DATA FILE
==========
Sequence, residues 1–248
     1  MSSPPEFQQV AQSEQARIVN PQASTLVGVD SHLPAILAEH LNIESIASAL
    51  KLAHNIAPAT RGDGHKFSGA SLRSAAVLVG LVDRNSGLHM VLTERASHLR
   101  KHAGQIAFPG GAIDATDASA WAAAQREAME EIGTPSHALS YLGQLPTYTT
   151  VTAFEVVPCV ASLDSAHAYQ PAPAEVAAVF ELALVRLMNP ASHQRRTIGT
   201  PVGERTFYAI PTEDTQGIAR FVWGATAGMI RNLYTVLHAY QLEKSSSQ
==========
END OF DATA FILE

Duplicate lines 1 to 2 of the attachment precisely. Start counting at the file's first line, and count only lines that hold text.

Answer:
Sequence, residues 1–248
     1  MSSPPEFQQV AQSEQARIVN PQASTLVGVD SHLPAILAEH LNIESIASAL